Journal Articles

Publication Date



Preventive Medicine


Existing studies of the impact of home rules on youth's vulnerability to e-cigarette use were based on cross-sectional data, youth or parent reports alone, as well as youth's perceptions and susceptibility. This study capitalizes on the restricted-use data of the Population Assessment of tobacco and Health (PATH) Study to examine the longitudinal association between home rules for e-cigarette use and youth's vulnerability including initiation of use and regular use two years later. Secondary analysis was conducted on 1203 parent-youth pairs who participated in both Wave 4 (2016-2018) and Wave 5 (2018-2019) assessment of the PATH Study and while the youth were age 12-16 at Wave 4. Linear and logistic regressions were performed to examine the associations between having a strict home rule for e-cigarette use at Wave 4 and the youth's outcomes including perceived social norms, expectancies, susceptibility, initiation of use, and regular use of e-cigarettes at Wave 5, controlling for parent and youth factors. The results show that having a strict home rule for e-cigarette use was associated with youth's heightened level of perceived injunctive norms (β = 0.22, p < 0.01), higher expectancy of harmfulness (β = 0.28, p < 0.01) and lower odds for regular e-cigarette use (OR = 0.36, p < 0.05). In conclusion, the findings of this study support the potential protective effects of implementing a strict home rule for e-cigarette use. Future intervention efforts may promote parents' awareness of the potential protective effects of a strict home e-cigarette rule on youth's normative belief, harm expectancy, and behavior of e-cigarette use.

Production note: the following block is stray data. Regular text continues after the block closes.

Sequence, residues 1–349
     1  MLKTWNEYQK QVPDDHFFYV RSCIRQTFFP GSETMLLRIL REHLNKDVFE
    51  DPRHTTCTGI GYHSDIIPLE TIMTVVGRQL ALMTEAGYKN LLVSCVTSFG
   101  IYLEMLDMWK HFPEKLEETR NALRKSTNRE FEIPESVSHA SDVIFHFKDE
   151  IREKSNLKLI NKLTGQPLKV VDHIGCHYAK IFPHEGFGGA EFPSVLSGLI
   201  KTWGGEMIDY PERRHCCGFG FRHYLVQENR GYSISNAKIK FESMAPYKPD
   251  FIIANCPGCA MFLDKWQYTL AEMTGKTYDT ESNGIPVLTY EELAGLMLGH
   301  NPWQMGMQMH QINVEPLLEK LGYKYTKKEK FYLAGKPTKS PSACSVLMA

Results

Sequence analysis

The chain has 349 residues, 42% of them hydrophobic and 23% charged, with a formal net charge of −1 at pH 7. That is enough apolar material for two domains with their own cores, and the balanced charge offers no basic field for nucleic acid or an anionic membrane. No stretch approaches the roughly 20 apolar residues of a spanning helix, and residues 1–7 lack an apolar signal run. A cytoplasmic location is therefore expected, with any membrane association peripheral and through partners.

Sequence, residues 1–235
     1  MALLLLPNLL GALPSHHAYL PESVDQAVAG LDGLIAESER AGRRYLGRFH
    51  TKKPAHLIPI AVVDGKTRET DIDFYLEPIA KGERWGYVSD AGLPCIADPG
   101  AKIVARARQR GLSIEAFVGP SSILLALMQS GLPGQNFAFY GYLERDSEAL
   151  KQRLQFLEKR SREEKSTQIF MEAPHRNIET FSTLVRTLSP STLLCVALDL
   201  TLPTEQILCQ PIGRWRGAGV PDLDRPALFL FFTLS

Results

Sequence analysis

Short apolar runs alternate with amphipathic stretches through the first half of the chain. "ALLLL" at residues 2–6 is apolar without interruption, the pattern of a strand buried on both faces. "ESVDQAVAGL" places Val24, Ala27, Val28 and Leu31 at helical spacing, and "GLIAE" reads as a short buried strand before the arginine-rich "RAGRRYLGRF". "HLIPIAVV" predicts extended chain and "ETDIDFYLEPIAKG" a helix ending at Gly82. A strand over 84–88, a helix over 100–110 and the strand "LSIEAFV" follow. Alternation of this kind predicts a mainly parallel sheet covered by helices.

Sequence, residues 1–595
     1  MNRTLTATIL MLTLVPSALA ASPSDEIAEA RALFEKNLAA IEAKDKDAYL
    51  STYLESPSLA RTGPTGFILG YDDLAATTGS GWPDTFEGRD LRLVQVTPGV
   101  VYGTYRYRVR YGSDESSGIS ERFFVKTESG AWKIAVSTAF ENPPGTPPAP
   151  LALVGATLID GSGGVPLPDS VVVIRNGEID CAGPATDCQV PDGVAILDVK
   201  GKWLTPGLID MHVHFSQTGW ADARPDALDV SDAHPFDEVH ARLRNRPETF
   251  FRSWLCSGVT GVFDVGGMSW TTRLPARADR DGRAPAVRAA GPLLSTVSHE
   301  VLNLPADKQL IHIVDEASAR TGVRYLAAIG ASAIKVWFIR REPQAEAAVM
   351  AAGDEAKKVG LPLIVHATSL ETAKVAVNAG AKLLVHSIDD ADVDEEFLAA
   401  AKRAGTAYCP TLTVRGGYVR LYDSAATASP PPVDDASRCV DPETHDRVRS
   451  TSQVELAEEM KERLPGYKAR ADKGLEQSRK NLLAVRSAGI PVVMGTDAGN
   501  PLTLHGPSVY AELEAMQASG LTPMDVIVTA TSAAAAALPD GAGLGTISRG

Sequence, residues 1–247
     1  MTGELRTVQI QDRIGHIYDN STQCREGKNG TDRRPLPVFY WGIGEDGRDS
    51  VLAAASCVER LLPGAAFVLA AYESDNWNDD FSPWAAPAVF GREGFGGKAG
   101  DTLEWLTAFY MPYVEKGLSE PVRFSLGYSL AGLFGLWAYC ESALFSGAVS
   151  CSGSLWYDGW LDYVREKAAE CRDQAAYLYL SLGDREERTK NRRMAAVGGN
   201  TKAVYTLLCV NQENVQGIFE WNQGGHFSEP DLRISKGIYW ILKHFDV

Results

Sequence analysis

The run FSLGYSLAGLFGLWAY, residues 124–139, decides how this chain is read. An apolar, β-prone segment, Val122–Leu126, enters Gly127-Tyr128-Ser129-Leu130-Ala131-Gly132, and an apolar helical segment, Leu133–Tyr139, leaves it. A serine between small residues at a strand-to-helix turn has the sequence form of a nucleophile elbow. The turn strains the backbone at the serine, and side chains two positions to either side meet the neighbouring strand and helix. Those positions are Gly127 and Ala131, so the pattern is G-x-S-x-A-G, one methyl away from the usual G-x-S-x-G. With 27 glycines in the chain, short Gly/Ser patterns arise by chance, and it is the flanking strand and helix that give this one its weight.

Adolescent, Humans, Child, Vaping, Electronic Nicotine Delivery Systems, Cross-Sectional Studies, Social Norms, Cognition

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